World Journal of Cardiovascular Diseases
Vol. 2  No. 3 (2012) , Article ID: 21235 , 3 pages DOI:10.4236/wjcd.2012.23028

Echo is the preferred modality for hemodynamic monitoring in the cardiac intensive care unit

Hillel A. Steiner*, Yonatan Hasin

Division of Cardiovascular Medicine, Boruch Padeh Medical Center, Lower Galilee, Israel

Email: *

Received 7 March 2012; revised 9 April 2012; accepted 18 April 2012

Keywords: Hemodynamics; Pulmonary Artery Catheter; Echocardiography


The PAC has enabled major advances in understanding cardiac hemodynamics and pathophysiology. However its clinical utility is limited by data interpretation and serious complications. Echocardiography provides a useful alternative for hemodynamic assess ment as well as identification of important concomitant findings. The combination of echocardiography with insertion of a central venous pressure catheter may be the optimal combination for hemodynamic monitoring.


The pulmonary artery catheter (PAC) was developed to measure pressures, blood flow and oxygen saturation in the right heart. Although it is an important diagnostic tool in a wide variety of respiratory and circulatory conditions, it has serious limitations and its clinical utility remains unproven.

The feasibility of PAC use was first shown by Dr. Warner Forssman in 1929, when he threaded a catheter into his own heart [1], for which he shared the 1956 Nobel Prize along with Drs. Richards and Cournand. Bedside use was facilitated by the addition of a flow directed balloon to the catheter by Dr. Swan, and a thermistor tip by Dr. Ganz which enabled measurement of cardiac output [2]. Many classical studies were enabled by the use of the PAC such as the Forrester classification of acute heart failure to improve assessment of the risk of mortality in myocardial infarction [3,4], as well as the identification of complications of myocardial infarction such as acute mitral incompetence and ventricular septal rupture. The utility of pharmacological interventions as in the effect of furosemide [5] and nesiritide in pulmonary edema [6] as well as the efficacy of nitroprusside in acute mitral regurgitation [7] were enabled by the PAC.


With the PAC, pressures in the right atrium, right ventricle and pulmonary artery could be measured directly. With blood sampling for oxygen saturation, the cardiac output can be calculated using Fick’s formula as well as the location and fraction of right to left shunts. With the inflation of the pulmonary catheter balloon, pressure of pulmonary microvasculature may be measured—an approximation of the left atrial pressure and left ventricular end diastolic pressure (LVEDP). The cardiac output is estimated by injection of cold saline from the proximal port and temperature measurement at the distal port.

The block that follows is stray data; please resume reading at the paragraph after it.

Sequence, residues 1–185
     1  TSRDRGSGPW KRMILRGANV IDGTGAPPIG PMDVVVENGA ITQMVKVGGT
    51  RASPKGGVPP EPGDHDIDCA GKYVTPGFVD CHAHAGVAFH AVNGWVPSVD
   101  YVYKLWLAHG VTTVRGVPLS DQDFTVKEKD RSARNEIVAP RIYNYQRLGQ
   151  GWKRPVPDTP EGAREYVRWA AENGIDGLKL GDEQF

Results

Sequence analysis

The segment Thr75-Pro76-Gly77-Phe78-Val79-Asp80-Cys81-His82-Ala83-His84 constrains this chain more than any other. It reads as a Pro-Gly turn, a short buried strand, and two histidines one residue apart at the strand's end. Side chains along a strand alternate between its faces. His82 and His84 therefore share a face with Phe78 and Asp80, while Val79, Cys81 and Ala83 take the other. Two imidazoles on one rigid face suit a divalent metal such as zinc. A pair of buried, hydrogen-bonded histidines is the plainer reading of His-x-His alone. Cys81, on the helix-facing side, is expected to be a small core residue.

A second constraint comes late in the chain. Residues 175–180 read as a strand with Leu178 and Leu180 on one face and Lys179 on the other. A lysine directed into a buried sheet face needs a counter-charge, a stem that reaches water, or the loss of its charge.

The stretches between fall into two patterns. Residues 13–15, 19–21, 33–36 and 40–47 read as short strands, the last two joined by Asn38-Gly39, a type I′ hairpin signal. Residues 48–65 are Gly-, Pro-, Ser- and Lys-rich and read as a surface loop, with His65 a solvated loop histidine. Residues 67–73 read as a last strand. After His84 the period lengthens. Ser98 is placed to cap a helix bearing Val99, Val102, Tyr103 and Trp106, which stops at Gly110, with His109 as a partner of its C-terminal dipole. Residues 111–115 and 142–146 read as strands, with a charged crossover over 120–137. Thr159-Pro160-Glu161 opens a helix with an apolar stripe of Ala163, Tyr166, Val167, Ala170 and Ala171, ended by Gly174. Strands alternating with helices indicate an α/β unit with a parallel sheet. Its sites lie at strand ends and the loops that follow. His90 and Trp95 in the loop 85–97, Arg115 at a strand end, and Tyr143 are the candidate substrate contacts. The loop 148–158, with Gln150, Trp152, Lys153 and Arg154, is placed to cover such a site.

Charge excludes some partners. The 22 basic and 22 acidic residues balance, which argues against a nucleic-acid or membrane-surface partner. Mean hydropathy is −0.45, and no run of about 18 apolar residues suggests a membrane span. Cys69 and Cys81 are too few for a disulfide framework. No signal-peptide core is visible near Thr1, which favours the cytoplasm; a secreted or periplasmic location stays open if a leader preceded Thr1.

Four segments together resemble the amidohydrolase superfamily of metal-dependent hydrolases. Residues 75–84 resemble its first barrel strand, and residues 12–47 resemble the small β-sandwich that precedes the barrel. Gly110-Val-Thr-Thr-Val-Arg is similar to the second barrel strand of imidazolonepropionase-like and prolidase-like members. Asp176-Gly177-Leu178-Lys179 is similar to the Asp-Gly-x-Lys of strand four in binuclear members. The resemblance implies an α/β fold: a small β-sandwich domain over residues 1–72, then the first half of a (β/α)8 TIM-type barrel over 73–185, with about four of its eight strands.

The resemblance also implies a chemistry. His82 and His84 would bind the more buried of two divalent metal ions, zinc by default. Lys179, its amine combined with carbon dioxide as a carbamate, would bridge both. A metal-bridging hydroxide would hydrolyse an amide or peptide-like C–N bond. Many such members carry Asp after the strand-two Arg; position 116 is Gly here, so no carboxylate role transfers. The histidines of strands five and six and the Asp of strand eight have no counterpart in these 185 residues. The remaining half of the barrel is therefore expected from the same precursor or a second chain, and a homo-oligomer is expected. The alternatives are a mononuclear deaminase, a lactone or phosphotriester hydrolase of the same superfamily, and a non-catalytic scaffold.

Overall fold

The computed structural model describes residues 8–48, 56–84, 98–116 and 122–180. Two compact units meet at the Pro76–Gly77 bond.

However, there are important exceptions and limitations to this approximation. Accurate measurement of pressures may be exceedingly difficult due to respiratory excursion. Placement of the PAC in the upper lung fields, in which the alveolar pressure is greater than the capillary blood pressure, may cause an overestimation of the pulmonary capillary pressure by the pulmonary arterial occlusion pressure (PAOP). Veno-occlusive and mitral valve disease will create a pressure gradient between the capillaries and the left atrium, or between the left atrium and ventricle respectively. The relationship between the PAOP and the left ventricular end diastolic pressure is non-linear, the PAOP does not follow the late pressure rise due to atrial contraction. Furthermore, the left ventricular compliance can change rapidly and pericardial pressures will influence the LVEDP but not the PCWP. Thus, use of the PAOP to estimate preload responsiveness at any given time has serious limitations. Accuracy of the measurement of the cardiac output may be flawed due to tricuspid regurgitation or inaccuracy of the volume injected.

The list of possible complications caused by PAC insertion is extensive. Hemorrhage, pneumothorax, damage to valves, arrhythmias, conduction disturbances, perforation of the right ventricle or pulmonary artery, all may be life threatening. The indwelling catheter may become infected and cause sepsis or endocarditis. The catheter can obstruct a pulmonary artery and cause a pulmonary infarction [8].